Purple cabbage, commonly known as red cabbage, is a cruciferous vegetable that tastes delicious both raw and cooked. It is eaten as salads, coleslaw, smoothies, braised dishes and pickled treats.
It surpasses green varieties in term of vitamin C and glucosinolates levels. It contains anthocyanins, one of the more than 6,000 members of the bioflavonoid family of polyphenol phytochemicals found in various plant foods, whereas, the green/white cabbage has none.
Some red cabbages are said to contain almost twice the vitamin C as compared to some green cabbages.
One cup (equivalent to 89 grams) of chopped, raw red cabbage has about 28 calories, 6.6 grams carbohydrates, 1.3 grams protein, 0.1 gram fat, and 1.9 grams fiber. It contains 50.7 milligrams vitamin C (85 percent Daily Value (DV)), 993 IU vitamin A (20 percent DV), 34 micrograms vitamin K (42 percent DV), 0.1 milligram thiamine (4 percent DV), 16 micrograms folate (4 percent DV), and 0.1 milligram riboflavin (4 percent DV).
As far as minerals are concerned, it has 40 milligrams calcium (4 percent DV), 14.2 milligrams magnesium (4 percent DV), 216 milligrams potassium (6 percent DV), and 0.7 milligrams iron (4 percent DV).
Raw purple cabbage offers the highest nutritional values. Conversely, cooked one may leave you with lesser nutrients which dissipate with water vapor or dissolve in the water if you simmer or boil it. On the other hand, cooked purple cabbage can help increase the bioavailability of nutrients including vitamin C, carotenoids, and bioflavonoids.
To retain optimal nutrient values, some experts suggest emulating the Chinese cooking method that is by using less water and less cooking time. If you choose to boil it, the water can be used in stocks, soups or sauces.
In Asia, it is customary to take the water along with boiled vegetables when eating rice. When boiling vegetables, Asian commonly culinary herbs such as onion and garlic, and dried anchovies (Asian anchovies are different from North American ones as they are dried under the sun, on the hand, anchovies in North America are usually preserved in tin can) or dried shrimp and salt, the addition of which produces a delectably flavorful dish.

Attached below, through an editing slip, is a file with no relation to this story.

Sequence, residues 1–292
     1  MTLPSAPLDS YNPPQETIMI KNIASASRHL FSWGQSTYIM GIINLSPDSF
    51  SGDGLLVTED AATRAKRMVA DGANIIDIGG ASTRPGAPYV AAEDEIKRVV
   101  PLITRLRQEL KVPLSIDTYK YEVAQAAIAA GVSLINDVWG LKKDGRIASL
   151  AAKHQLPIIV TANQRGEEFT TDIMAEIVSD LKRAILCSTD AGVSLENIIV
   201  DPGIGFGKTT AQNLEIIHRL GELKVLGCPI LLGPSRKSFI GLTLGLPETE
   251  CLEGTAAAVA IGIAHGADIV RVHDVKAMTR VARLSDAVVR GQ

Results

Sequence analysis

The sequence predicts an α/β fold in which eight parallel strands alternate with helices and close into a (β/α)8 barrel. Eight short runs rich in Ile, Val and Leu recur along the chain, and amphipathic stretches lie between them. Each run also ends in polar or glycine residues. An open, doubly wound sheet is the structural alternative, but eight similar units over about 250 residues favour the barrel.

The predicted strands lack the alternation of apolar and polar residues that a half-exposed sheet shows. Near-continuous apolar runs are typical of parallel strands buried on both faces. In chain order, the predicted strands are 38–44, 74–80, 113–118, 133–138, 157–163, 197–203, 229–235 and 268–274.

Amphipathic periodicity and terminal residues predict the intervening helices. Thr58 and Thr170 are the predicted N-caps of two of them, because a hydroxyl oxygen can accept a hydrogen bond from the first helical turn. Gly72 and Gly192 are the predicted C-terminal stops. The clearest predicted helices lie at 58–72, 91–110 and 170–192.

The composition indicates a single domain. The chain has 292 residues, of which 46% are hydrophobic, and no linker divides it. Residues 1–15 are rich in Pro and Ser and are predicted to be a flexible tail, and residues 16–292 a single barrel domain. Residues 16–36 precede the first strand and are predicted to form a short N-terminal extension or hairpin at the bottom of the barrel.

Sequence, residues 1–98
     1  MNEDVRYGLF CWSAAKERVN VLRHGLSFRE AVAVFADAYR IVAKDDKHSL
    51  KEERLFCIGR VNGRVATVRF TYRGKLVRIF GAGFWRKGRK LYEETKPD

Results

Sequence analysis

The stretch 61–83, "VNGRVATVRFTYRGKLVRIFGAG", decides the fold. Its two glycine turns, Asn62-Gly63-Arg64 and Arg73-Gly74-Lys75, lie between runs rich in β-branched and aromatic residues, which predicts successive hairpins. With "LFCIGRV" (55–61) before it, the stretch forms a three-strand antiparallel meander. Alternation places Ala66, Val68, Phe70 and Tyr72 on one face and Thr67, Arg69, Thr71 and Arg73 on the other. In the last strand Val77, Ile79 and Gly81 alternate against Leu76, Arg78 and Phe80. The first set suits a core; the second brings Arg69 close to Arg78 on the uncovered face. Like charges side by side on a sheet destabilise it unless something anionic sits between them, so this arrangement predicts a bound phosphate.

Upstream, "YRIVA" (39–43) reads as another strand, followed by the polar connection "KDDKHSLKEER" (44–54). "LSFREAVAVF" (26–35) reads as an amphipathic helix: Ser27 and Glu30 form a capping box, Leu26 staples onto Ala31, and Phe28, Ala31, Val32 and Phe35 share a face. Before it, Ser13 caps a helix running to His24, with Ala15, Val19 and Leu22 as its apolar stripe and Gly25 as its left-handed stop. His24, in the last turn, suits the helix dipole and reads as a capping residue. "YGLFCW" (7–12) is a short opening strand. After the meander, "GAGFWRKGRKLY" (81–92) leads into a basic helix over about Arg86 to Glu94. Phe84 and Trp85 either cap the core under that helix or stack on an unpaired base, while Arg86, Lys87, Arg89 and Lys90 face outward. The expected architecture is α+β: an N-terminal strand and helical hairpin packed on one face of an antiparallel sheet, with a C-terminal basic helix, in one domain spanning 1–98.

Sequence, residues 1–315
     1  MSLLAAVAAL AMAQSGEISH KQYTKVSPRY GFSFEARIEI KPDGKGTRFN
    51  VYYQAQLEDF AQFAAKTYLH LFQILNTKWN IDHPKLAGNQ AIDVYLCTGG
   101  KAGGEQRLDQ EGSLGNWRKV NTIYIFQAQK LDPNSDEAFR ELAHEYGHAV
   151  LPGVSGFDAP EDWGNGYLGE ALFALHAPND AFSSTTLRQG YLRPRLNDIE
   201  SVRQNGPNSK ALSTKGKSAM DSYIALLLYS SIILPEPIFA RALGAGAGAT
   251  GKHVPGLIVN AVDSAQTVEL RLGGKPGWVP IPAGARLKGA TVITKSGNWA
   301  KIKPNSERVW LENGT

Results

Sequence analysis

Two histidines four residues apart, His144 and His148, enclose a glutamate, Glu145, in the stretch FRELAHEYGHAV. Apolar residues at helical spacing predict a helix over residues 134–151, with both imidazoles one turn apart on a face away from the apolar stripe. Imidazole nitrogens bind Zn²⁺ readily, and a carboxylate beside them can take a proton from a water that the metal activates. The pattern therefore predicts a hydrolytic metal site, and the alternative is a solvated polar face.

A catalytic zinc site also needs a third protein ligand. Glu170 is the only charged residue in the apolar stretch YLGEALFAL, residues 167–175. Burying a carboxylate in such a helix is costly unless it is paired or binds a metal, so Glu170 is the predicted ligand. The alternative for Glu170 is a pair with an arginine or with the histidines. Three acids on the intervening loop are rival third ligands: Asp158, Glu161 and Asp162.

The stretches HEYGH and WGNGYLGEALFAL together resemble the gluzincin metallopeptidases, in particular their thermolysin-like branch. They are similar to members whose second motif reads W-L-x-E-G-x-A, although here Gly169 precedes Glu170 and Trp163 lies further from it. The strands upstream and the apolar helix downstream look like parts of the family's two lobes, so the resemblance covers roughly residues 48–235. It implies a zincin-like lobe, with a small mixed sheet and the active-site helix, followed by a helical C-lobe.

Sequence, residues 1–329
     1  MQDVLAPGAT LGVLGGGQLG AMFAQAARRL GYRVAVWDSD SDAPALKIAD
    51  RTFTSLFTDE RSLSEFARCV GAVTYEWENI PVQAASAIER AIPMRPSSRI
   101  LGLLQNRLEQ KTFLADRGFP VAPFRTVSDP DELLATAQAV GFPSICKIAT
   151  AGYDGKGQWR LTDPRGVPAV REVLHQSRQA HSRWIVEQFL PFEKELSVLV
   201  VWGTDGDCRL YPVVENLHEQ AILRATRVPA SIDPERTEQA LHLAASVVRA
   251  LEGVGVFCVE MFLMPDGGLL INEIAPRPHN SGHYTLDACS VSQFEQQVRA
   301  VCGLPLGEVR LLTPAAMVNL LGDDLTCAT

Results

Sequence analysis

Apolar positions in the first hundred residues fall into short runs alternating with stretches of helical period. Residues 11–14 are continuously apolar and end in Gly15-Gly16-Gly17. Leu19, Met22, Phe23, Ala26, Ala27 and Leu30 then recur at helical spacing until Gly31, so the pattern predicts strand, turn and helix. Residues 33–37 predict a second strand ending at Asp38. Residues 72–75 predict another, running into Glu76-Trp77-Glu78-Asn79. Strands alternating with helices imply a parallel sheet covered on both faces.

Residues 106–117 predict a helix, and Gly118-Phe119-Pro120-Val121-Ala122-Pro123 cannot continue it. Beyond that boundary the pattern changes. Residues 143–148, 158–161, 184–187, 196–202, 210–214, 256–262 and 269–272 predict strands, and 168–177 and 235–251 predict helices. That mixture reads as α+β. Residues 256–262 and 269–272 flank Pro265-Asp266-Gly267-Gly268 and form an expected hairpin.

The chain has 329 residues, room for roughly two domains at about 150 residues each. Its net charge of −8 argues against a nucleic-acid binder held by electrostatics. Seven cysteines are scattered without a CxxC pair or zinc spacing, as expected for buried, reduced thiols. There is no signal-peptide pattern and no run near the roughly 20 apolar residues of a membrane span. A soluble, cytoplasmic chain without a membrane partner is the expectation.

For the rest of the article, I discuss the various nutrients found in red cabbage along with some interesting facts about nutritional value differences of red cabbage versus white cabbage.
Probably most of you think that navel oranges are the best dietary source of vitamin C. Surprisingly, raw red cabbage provides more vitamin C than fresh oranges (raw, all commercial varieties). One ounce (28 grams) of raw purple cabbage contains 27 percent of the Daily Value (DV) for vitamin C, whereas an equal-size serving of oranges contains 25 percent of the DV for the same vitamin.
When DV for vitamin C of purple and green cabbage varieties are compared, the latter found to contain 17 percents of the DV.
Vitamin C is a vital co-factor to build and maintain collagen, proteins that help keep your skin, bones, and teeth healthy. It is revered as one of the most potent antioxidants, which helps improve the immune system function by supporting and energizing it.
Anthocyanins are water-soluble bioflavonoid pigments found in blue honeyberry, chokeberry, black currant, blackberry, red raspberry, blackberry, sweet cherry, sour cherry, strawberry, and many other blue, purple, and red berries and fruits. By appearance, the same pigments found in purple cabbage distinguish it from its cousins, green and white cabbage.
Anthocyanins are considered healthy for humans because they offer a wide range of biological activities, including powerful antioxidant, anti-inflammatory, anti-anxiolytic, antimicrobial, and anticancer. They exert a variety of beneficial effect on blood vessels, platelets, and lipoproteins, all of which are thought to help reduce the risk of coronary heart disease.